The British rule played an important role in shaping modern India. British ruled over India for more than a century (1757-1947). The British rule in India started with the East India Company, a private company owned by stakeholders. The anti-colonialism movement emerged in response to the “divide and rule” approach used by the British. Gandhi, and his revolutionary methods of protest, played a pivotal role in Indian independence. India gained its independence from Britain on 15 August 1947, after decades of clashes and protesting.


Britain had been trading in India since about 1600, but it did not begin to seize large sections of land until 1757, after the Battle of Plassey. This battle pitted 3,000 soldiers of the British East India Company against the 50,000-strong army of the young Nawab of Bengal, Siraj ud Daulah, and his French East India Company allies. The Nawab lost at least 500 troops, while Britain lost only 22. Britain seized the modern equivalent of about $5 million from the Bengali treasury and used it to finance further expansion.

THE MUTINY OF INDIA IN 1857                         

On May 10, 1857, the Indian Revolt began, with Bengali Muslim troops marching to Delhi and pledging their support to the Mughal emperor. After a year-long struggle, the rebels surrendered on June 20, 1858.


During World War I, Britain declared war on Germany on India’s behalf, without consulting Indian leaders. About 1.5 million Indian soldiers and laborers were serving in the British Indian Army by the time of the Armistice. A total of 60,000 Indian soldiers were killed or reported missing. In April 1919, more than 15,000 unarmed protesters gathered at Amritsar, in Punjab. British troops fired on the crowd, killing hundreds of men, women, and children, even though the official death toll of the Amritsar Massacre as reported was 379.


When World War II broke out, India once again contributed hugely to the British war effort. In addition to troops, the princely states donated substantial amounts of cash. By the end of the war, India had an incredible volunteer army of 2.5 million men. About 87,000 Indian soldiers died in combat.


Even as World War II raged on, Gandhi and other members of the Indian National Congress (INC) demonstrated against British rule. The 1935 Government of India Act had provided for the establishment of provincial legislatures across the colony. The Act also created a federal government for the provinces and princely states and granted the right to vote to about 10% of India’s male population.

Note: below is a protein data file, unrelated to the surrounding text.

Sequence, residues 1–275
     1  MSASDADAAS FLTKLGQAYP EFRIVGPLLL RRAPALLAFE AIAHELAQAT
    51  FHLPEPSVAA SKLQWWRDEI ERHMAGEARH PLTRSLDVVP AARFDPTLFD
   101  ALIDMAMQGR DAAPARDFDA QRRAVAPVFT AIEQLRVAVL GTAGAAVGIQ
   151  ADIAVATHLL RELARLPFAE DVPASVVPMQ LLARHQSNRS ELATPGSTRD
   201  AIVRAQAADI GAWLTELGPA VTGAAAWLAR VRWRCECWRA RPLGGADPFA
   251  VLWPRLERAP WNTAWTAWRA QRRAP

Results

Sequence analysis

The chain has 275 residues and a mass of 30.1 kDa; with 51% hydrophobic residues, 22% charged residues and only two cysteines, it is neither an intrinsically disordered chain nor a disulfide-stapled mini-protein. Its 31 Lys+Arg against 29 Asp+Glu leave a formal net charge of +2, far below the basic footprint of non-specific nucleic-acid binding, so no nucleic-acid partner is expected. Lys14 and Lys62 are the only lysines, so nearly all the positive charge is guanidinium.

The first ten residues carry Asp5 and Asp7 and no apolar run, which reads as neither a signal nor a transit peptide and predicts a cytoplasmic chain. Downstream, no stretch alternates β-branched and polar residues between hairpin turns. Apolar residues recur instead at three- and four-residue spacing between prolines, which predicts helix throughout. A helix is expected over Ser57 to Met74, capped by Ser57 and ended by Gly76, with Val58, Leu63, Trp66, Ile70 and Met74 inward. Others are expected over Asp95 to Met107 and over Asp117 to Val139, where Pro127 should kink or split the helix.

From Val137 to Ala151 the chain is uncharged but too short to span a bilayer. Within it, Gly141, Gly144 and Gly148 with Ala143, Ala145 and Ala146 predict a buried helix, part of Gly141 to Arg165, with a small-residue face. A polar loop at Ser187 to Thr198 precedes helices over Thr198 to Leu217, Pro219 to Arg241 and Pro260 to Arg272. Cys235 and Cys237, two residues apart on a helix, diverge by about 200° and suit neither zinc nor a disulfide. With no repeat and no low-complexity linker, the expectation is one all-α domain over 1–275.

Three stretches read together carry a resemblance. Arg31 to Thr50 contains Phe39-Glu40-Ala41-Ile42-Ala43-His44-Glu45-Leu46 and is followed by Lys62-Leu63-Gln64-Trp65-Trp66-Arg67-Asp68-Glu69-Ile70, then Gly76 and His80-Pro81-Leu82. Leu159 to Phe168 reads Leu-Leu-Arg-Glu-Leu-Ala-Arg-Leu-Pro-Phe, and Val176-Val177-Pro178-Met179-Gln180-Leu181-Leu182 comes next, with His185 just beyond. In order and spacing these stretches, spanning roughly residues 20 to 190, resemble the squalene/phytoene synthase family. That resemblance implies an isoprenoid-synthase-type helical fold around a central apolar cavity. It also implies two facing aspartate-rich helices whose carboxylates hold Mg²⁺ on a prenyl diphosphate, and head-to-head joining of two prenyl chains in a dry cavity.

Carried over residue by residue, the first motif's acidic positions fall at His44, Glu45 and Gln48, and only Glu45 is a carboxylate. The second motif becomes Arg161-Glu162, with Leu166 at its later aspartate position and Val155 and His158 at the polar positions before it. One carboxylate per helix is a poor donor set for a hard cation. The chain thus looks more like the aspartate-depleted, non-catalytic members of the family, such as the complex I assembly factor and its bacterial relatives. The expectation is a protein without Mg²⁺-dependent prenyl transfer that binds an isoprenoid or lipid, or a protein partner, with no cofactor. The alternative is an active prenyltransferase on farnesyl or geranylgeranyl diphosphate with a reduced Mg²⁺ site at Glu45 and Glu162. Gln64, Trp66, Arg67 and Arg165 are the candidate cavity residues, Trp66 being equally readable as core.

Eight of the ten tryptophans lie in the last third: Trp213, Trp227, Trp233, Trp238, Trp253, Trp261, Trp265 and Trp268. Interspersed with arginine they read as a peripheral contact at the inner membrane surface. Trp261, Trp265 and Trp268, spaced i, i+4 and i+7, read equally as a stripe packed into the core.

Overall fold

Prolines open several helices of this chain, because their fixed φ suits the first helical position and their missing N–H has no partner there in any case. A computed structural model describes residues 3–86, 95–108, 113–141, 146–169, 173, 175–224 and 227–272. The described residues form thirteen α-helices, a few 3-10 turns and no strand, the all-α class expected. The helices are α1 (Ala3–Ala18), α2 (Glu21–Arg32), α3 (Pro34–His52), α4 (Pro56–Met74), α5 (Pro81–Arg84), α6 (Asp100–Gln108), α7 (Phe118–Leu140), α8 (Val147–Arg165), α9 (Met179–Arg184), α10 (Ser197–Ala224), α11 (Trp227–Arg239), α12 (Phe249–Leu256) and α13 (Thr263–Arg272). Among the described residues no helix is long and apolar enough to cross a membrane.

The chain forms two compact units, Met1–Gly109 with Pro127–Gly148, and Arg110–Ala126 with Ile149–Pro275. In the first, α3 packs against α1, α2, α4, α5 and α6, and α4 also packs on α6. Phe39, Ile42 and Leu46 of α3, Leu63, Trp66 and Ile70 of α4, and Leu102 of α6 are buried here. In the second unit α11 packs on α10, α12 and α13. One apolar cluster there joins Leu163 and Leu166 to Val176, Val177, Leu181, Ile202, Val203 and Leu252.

Gandhi and the INC did not trust the British envoy and demanded immediate independence in return for their cooperation. When the talks broke down, the INC launched the “Quit India” movement, calling for the immediate withdrawal of Britain from India. In response, the British arrested the INC’s leadership, including Gandhi and his wife. Mass demonstrations were carried out across the country but were crushed by the British Army.


On August 17, 1946, violent fighting broke out between Hindus and Muslims in Calcutta. The trouble quickly spread across India. Meanwhile, cash-strapped Britain announced its decision to withdraw from India by June 1948. Sectarian violence flared again as independence approached. In June 1947, representatives of the Hindus, Muslims, and Sikhs agreed to divide India along sectarian lines. Hindu and Sikh areas remained part of India, while predominantly Muslim areas in the north became the nation of Pakistan. This division of territory was known as the Partition. Millions of refugees flooded across the border in each direction, and up to 2 million people were killed in sectarian violence. Pakistan became independent on August 14, 1947. India followed the next day.